Rarities in the last month included a Black-faced Bunting in Shropshire, Brunnich’s Guillemot in Shetland, Harlequin Duck in the Outer Hebrides, Baikal Teals in Gwynedd, Powys and Nottinghamshire, and White-Winged Scoter in Mayo and Lothian.

The colder weather forecast across much of Europe for the start of March could slow the northward progression of some early arriving birds.  

Looking ahead

Many of the species that will be on the move at this time of year may not be what you think of as migrant birds. Song Thrush, Robin, Linnet, Meadow Pipit and Lesser Black-backed Gulls will all be arriving back across Britain and Ireland in the next few weeks, having wintered as far south as the west coast of Africa in the case of Lesser Black-backed Gulls. Colour ringing and GPS tracking of Lesser Black-backed Gulls has highlighted the extent of this migration and showed just how far some of the British breeding population migrate in the winter. As the British/Irish subspecies birds (graellsii) arrive back, those from northern and central Europe (the darker-backed intermedius and fuscus subspecies) that have wintered here will move back to their breeding grounds. A similar pattern occurs in Black-headed Gulls. Birds that have winterered here will be heading back to their breeding grounds as far east as Poland and the Baltic States, while some of 'our' Black-headed Gulls will be returning after wintering in West Africa. If you spot a gull with a colour ring it is well worth reporting it to find out where it has come from — you may be surprised!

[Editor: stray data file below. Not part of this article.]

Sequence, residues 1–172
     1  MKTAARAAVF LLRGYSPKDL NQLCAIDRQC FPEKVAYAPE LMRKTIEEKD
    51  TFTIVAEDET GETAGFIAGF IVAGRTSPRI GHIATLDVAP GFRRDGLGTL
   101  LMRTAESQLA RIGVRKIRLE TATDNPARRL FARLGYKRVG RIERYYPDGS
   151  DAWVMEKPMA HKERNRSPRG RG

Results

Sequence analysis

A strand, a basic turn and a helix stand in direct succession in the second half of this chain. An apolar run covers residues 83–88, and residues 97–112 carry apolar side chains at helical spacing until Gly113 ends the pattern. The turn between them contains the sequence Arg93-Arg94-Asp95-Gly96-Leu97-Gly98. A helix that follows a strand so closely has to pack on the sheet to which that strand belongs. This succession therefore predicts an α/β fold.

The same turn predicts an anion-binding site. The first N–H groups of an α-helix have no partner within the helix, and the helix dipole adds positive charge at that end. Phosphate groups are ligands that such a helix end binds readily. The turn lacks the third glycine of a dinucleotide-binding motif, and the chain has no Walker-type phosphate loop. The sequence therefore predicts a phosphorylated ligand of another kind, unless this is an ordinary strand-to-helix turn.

Black-winged Stilts have breed successfully the UK in the past few years and can often start arriving back in the UK in early spring. 
Black-winged Stilts have bred succesfully in the UK in the past few years and can often start arriving back in the UK in early spring.